Since the construction of the Manchester Ship Canal, large commercial vessels do not normally navigate the estuary further upstream than Garston on the North Bank, or the locks into the Ship Canal at Eastham. Deep-water channels are maintained to both. Until the early 20th century, commercial traffic bound for further upstream was mainly carried in large flat-bottomed sailing barges known as Mersey Flats. These could carry cargo as far inland as Howley Wharf in Warrington and (by way of the Sankey Canal) to St Helens. Motor barges continued to deliver to riverside factories at Warrington until at least the 1970s, but nowadays only pleasure craft and yachts use the upper estuary and the tidal river, with a number of sailing clubs based at this point in the river. On most high tides, seagoing yachts with their masts raised can navigate as far upstream as Fiddlers Ferry, about 3 miles downstream of Warrington, where there is a small marina accessed by way of a river lock. Although river craft can continue as far upstream as Howley Weir, there are no landing nor mooring facilities. Portable craft can penetrate as far as Woolston. The barrier to further navigation here is a legal one in that the Mersey then shares its course with the Manchester Ship Canal for some miles upstream.

In popular culture

The river is used in popular songs and writing as a byword for recalling Liverpool. It is internationally famous thanks to the music of the 1960s known as "Merseybeat" and the "Mersey Sound" and its strong association with Liverpool. The Mersey itself was popularized in the Merseybeat song Ferry Cross the Mersey by Gerry & The Pacemakers, which was released in 1965 and featured a music video in which the group performed their song on a boat crossing the river between Birkenhead and Liverpool.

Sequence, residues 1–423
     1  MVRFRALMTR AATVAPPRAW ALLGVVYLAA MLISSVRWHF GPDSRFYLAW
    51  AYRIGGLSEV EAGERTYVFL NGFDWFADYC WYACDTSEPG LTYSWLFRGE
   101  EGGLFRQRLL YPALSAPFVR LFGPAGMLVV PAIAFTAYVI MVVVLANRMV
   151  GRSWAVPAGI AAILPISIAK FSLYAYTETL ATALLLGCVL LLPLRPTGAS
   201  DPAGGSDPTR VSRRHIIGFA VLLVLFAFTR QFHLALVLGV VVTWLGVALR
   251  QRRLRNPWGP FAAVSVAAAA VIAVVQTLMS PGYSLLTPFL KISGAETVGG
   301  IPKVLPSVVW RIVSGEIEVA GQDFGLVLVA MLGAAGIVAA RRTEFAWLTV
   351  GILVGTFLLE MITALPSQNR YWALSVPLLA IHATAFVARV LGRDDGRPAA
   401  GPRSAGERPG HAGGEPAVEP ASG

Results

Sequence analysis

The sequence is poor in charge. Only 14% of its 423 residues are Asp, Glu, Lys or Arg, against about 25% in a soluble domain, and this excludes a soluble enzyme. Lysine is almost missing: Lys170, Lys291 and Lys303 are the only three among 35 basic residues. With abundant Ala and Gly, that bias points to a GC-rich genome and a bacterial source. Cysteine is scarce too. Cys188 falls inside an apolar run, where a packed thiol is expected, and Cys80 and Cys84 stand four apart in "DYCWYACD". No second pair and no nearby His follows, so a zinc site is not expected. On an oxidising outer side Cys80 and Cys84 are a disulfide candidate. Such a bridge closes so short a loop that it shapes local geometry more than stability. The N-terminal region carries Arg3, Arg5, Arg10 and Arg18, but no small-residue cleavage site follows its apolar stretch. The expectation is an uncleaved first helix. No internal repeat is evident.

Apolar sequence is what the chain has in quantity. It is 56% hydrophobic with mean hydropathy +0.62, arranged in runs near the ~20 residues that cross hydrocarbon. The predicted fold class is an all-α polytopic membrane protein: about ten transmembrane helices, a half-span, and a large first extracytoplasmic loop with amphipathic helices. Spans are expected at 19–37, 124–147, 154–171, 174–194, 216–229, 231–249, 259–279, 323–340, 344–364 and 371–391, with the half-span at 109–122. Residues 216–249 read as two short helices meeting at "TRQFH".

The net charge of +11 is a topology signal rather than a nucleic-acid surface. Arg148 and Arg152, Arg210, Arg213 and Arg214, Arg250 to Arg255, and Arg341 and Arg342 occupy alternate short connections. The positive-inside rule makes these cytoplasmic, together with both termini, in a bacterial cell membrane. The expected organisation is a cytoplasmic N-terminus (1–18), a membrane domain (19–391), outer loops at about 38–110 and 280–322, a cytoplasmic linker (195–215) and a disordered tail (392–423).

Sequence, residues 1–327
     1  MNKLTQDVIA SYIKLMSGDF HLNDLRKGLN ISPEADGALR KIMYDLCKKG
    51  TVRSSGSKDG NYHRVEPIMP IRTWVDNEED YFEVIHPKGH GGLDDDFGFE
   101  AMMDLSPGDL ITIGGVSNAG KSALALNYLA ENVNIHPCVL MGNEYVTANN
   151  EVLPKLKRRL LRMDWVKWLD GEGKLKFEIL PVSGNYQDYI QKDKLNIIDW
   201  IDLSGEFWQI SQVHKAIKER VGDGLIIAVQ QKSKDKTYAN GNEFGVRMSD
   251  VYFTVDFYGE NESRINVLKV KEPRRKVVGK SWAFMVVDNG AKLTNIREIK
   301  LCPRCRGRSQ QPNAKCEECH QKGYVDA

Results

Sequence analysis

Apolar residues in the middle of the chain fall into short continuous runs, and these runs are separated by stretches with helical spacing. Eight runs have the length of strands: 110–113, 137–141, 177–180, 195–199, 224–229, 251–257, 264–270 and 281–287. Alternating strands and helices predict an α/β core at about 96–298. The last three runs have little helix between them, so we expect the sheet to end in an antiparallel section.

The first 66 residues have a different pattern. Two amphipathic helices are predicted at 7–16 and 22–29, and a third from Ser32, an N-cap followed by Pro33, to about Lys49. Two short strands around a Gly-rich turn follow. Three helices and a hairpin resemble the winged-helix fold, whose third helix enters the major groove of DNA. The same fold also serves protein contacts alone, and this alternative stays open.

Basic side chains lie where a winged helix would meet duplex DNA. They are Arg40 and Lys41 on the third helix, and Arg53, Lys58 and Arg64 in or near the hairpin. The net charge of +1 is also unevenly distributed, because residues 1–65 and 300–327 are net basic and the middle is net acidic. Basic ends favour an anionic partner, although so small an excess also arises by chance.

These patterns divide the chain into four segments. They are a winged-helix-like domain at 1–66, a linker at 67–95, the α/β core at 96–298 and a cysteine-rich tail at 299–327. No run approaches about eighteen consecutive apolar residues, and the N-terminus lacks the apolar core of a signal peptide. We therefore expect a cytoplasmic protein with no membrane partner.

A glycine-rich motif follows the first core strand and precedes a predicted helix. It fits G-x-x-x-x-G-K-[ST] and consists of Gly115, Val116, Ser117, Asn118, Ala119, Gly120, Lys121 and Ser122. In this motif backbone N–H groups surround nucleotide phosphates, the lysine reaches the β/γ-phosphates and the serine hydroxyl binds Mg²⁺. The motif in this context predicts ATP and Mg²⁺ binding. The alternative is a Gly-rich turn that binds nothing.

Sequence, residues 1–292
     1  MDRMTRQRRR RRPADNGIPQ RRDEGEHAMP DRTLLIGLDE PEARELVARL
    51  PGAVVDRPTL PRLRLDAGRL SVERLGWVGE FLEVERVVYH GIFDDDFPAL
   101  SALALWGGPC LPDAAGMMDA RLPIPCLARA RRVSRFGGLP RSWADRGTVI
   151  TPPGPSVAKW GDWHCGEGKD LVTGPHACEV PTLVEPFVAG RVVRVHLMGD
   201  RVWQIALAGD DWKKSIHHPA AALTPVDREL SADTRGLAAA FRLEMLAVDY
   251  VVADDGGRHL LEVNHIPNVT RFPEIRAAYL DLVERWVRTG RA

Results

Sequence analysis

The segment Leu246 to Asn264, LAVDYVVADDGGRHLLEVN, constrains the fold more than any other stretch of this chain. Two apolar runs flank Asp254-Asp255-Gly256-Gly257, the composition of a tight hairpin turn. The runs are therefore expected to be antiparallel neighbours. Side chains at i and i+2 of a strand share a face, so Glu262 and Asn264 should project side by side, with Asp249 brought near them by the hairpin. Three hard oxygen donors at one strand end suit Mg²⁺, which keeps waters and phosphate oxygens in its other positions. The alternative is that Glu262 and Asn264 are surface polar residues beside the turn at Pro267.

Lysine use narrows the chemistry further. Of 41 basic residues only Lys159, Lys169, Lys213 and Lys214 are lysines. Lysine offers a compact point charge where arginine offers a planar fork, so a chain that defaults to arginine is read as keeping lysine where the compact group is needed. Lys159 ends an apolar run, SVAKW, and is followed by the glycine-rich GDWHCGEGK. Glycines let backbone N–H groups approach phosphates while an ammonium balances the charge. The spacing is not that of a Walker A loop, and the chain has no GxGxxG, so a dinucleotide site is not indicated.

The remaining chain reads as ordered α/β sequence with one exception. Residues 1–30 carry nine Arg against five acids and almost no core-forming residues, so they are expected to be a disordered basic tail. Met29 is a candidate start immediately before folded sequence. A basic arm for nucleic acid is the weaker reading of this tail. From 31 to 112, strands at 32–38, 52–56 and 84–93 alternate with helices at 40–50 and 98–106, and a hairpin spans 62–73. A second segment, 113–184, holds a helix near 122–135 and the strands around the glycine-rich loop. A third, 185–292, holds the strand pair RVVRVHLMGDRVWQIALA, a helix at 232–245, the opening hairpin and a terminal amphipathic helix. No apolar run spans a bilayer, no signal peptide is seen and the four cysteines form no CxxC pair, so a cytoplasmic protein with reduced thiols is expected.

The group later recorded a follow-up, Mersey Lullaby, that is part of the 2007 children's CD/book Blue Moo: Jukebox Hits from Way Back Never, by Sandra Boynton. The band Frankie Goes to Hollywood also recorded "Ferry Cross the Mersey".

On their 2001 release "Bang! The Greatest Hits," Frankie Goes To Hollywood included a B-side track named "Ferry Cross the Mersey."

Paul McCartney's 2007 song That Was Me, from his album Memory Almost Full mentions merseybeating with the band. Mersey Paradise by The Stone Roses has the river in its title. Some versions of the popular folk ballad The Leaving of Liverpool also mention the river.


Moving upstream, tributaries of the Mersey include:


  1. John Stockdale, 1794, Map of the Environs of Mottram-in-Longdendale
  2. "Mersey Gateway". Halton Borough Council. http://www.merseycrossing.co.uk. Retrieved 2008-04-02. 
  3. 3.0 3.1 http://www.merseyreporter.com/history/historic/dockseaforth/index.shtml Local Newspaper history page.
  4. Mills, A D (1998). A dictionary of English place-names. Oxford: Oxford University Press. pp.  240. ISBN 0-19-280074-4. 

Outside links